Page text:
The Summergarden program was sponsored by Mobil, and since 1971, offered free late-night weekend events during the summer in which a wide range of spectacles including music, dance, jazz, Egyptian belly dance and mimes were presented. According to MoMA’s records, that summer the program received a daily attendance of 1,200 people, with a season total of 56,000. For her August 3 and 4 performances, Marta received a budget of $400, with the rest needed coming from “the impossible or the miraculous.” Marta Minujín, “Kidnappening,” in “Kidnappening Folder,” n.d. Courtesy of the artist and Henrique Faria Fine Art. Translated from Spanish by the author.
“I would take the cubist period, in particular ‘The mademoiselles d’Avignon.’” Marta Minujín, ibid.
Marta Minujín, “Picappening, Picassening, Picassonning,” in Minujín, “Kidnappening Folder.”
The lyrics to be sung and screamed by the performers in this “opera-cantata-happening” were selected by Minujín with the help of Claudio Bedel, a Chilean poet who lived in New York City. In addition to many quotes from Picasso, there were lines from Cézanne, Renoir, Matisse, Derain, Braque, Brancusi, Duchamp, and the “Manifesto of Futurism” by Filippo Tommaso Marinetti. The performers also repeated lines from thinkers such as Plato and even Mao Tse-Tung. From the latter, Minujín included: “When you do anything, unless you understand its actual circumstances, its nature, and its relations to other things, you will not know the laws governing it, or know how to do it, or be able to do it well.” Mao Tse-Tung, “Problems of Strategy in China’s Revolutionary War” (December 1936), in Selected Works of Mao Tse-Tung. Peking: Foreign Languages Press, 1:179. Interestingly, something similar could be said of Kidnappening. The work cannot be understood without paying attention to its actual circumstances—i.e., the museum setting—or to “its relations to other things,” such as the surrounding city and cast of characters.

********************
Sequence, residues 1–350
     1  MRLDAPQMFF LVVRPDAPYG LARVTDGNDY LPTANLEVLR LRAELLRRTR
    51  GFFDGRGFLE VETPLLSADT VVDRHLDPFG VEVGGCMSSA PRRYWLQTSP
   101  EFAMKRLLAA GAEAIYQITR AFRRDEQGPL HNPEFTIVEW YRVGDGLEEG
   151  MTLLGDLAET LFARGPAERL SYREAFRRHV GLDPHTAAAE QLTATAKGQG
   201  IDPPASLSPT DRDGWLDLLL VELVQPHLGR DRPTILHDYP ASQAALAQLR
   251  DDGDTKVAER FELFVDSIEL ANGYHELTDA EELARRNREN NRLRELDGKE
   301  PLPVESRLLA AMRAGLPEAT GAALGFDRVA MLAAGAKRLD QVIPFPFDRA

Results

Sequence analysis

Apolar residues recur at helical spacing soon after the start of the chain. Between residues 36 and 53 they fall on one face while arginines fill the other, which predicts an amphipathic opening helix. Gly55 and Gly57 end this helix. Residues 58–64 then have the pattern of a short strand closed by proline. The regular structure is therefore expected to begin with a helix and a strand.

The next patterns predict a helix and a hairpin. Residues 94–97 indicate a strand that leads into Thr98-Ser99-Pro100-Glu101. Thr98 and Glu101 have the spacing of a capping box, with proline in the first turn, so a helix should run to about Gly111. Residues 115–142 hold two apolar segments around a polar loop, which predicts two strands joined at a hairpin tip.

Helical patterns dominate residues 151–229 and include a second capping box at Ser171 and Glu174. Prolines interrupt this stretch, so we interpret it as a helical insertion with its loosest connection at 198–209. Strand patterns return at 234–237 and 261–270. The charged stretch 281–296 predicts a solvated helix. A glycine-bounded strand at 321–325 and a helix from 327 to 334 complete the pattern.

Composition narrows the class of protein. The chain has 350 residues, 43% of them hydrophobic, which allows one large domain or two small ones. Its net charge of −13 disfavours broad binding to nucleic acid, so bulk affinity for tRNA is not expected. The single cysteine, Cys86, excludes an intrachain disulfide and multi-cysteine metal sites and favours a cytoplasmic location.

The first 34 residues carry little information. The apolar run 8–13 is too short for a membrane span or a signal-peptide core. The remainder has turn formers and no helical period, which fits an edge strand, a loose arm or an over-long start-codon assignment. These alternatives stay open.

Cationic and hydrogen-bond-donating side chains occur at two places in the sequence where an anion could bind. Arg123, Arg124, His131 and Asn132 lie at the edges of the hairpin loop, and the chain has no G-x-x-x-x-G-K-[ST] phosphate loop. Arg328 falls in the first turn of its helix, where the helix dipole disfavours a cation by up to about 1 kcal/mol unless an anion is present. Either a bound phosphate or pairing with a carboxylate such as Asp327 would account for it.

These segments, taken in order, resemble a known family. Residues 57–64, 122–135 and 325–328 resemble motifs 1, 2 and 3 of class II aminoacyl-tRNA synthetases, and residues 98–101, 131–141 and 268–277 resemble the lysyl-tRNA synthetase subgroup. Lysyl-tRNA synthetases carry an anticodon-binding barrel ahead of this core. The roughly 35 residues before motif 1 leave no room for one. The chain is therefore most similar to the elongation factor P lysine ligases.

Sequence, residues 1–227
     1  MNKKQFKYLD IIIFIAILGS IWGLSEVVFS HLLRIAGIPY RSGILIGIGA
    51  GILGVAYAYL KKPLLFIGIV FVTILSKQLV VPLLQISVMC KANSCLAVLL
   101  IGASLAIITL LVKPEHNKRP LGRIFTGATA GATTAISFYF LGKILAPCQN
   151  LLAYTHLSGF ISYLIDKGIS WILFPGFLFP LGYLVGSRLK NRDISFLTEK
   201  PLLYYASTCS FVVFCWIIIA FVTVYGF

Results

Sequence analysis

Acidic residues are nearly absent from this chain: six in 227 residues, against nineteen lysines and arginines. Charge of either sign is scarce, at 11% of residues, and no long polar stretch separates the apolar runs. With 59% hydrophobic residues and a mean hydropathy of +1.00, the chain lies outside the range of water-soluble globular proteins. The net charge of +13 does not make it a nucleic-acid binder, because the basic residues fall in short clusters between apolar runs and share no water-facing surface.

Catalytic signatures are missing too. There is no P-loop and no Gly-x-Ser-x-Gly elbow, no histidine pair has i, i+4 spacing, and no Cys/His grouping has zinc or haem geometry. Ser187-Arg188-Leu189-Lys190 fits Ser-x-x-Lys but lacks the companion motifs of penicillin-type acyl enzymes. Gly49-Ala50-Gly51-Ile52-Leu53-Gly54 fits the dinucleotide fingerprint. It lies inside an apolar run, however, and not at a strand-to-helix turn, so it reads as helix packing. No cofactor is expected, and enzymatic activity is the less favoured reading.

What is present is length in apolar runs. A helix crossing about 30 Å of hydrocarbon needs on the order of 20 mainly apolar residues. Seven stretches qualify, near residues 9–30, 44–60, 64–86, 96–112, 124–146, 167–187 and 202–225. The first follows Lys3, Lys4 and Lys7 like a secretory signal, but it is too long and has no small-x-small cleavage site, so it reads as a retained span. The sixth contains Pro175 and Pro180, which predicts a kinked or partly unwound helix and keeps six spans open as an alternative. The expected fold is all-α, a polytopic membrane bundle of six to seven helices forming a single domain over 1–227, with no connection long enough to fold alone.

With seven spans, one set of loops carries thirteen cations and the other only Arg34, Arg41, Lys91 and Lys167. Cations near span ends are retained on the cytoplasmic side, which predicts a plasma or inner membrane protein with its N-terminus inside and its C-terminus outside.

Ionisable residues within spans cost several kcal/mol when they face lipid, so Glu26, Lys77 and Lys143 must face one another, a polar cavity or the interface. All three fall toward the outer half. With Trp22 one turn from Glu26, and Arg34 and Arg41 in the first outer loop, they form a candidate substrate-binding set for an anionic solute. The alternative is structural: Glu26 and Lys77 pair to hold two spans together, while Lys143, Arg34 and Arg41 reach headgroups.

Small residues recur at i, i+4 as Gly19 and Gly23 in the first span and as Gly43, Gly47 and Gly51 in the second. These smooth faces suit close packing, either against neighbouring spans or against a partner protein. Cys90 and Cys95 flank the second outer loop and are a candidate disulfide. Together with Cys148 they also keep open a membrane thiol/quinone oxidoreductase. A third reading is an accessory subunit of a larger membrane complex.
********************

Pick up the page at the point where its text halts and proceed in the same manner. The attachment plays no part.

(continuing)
In 1967, with Kaprow and the artist Wolf Vostell, Minujín created the first international Happening, A 3 Country Happening. See Michael Kirby, “Marta Minujin’s ‘Simultaneity in Simultaneity,’”Drama Review: TDR 12, no. 3 (1968): 149–52; and Victoria Noorthoorn, ed., Marta Minujín: Obras 1959–1989 (Buenos Aires: Malba-Fundación Constantini, 2010), 74–75.